The Pharisee and the Publican – J.S. Bach, Cantata 179, at Trinity XI

The Pharisee and the Publican. Sant'Apollinare Nuovo, Ravenna, Italy

The Pharisee and the Publican. Sant’Apollinare Nuovo, Ravenna, Italy

In cantata 179, the second pair of recitative and aria has the recitative, for bass, dramatize the moment in the temple when the publican cries out for God’s mercy, and the soprano aria, accompanied only by two oboes da caccia with independent parts (and the continuo), sings lovingly to God for His rescue of the sinner, whose transgressions, devouring his vitals with incurable disease, otherwise would cause the sinner to sink irretrievably into the slime. Bach depicts the likelihood of such a descent by having the voice, twice, the second time on a descending chromatic scale, fall lower and lower in its range, till the oboes pause, and the voice is exposed in the ooze into which it would disappear. At the end of the second iteration, there are two beats of complete and beseeching silence. This moment occurs at the end of the middle section of the aria, before the through-composed da capo. The moment is made the more supplicative by the gorgeously hued soprano line in the middle section of the aria, for it is here that Bach has the heart bring forth its entreaty of need, and waits, as it ends, in the silence of two beats of eternal time.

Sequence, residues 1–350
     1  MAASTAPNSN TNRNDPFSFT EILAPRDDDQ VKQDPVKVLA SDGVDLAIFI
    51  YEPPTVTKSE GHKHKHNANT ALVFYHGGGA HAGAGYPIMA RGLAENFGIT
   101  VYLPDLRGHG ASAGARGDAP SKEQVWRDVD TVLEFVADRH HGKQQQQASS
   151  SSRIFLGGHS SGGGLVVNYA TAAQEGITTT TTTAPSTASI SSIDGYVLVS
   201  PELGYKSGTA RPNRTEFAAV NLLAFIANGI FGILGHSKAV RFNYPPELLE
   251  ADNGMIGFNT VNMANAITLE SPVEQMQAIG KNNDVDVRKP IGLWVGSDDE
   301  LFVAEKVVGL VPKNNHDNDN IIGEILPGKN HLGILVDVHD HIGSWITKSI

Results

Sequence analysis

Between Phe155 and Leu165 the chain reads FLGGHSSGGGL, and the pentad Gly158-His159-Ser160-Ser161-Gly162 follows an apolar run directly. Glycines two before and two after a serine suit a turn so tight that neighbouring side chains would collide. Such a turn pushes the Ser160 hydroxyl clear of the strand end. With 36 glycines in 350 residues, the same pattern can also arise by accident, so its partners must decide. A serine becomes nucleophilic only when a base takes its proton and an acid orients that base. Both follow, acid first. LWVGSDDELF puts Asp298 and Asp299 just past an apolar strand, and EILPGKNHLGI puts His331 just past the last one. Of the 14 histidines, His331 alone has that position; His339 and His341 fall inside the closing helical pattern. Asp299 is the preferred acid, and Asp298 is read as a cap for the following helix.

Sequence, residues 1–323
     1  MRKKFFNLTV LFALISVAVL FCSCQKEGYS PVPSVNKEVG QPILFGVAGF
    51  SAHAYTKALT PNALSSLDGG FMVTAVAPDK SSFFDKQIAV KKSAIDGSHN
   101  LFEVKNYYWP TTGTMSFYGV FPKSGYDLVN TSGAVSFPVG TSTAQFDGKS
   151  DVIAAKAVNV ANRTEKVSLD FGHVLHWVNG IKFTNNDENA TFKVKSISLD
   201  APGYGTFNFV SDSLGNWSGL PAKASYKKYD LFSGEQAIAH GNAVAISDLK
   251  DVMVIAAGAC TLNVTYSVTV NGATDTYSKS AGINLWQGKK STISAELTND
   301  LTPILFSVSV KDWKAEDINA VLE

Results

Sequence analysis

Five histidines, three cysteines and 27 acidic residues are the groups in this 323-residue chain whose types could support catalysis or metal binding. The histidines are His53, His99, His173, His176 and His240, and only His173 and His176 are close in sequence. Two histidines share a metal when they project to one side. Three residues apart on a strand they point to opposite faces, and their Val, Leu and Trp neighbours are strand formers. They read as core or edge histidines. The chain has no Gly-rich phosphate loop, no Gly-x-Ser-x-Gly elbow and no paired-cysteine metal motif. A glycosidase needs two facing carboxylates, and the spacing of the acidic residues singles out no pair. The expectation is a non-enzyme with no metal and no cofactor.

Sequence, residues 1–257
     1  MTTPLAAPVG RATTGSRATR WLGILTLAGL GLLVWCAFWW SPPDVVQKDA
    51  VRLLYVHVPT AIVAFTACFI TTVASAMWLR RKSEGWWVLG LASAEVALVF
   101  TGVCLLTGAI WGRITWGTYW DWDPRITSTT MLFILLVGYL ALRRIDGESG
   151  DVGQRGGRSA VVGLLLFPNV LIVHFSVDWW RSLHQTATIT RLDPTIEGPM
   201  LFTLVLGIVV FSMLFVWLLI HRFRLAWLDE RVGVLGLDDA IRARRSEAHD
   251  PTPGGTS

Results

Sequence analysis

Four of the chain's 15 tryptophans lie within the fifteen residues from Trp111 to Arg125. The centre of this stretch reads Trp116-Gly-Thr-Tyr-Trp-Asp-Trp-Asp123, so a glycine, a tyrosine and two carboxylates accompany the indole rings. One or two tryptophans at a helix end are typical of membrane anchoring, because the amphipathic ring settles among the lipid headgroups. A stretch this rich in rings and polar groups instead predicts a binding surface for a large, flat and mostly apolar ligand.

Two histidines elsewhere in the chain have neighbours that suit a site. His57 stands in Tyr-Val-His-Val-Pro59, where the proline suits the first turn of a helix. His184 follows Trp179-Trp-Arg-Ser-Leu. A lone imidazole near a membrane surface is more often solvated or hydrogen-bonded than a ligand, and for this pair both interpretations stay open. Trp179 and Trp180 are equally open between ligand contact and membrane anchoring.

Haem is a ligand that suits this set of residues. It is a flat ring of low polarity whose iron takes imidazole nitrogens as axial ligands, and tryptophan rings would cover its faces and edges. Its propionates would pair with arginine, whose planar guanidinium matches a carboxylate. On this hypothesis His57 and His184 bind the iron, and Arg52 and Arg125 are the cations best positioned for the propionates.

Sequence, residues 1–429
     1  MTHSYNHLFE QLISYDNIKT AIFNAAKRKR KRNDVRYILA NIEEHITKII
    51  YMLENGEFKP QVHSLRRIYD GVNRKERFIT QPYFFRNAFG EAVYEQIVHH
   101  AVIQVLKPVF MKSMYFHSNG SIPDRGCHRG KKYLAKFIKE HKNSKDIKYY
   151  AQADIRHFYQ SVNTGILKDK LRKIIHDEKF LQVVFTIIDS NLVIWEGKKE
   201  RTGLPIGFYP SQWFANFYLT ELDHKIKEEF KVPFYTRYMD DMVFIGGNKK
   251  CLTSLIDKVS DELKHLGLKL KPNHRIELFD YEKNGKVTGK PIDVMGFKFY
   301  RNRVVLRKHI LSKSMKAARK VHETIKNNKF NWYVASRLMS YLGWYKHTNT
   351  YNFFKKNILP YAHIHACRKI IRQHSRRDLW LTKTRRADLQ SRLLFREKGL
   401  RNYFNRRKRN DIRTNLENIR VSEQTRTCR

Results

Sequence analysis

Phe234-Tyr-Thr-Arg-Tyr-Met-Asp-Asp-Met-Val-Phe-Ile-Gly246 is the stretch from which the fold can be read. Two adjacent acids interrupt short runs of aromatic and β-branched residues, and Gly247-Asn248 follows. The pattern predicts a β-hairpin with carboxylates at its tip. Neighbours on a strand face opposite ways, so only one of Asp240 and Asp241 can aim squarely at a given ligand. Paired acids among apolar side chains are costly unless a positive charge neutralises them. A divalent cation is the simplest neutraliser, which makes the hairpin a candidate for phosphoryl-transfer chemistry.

From the second book, in progress, on the Trinity cantatas of J.S. Bach, in the series that begins with J.S. Bach: Cantatas for Trinity I through VII

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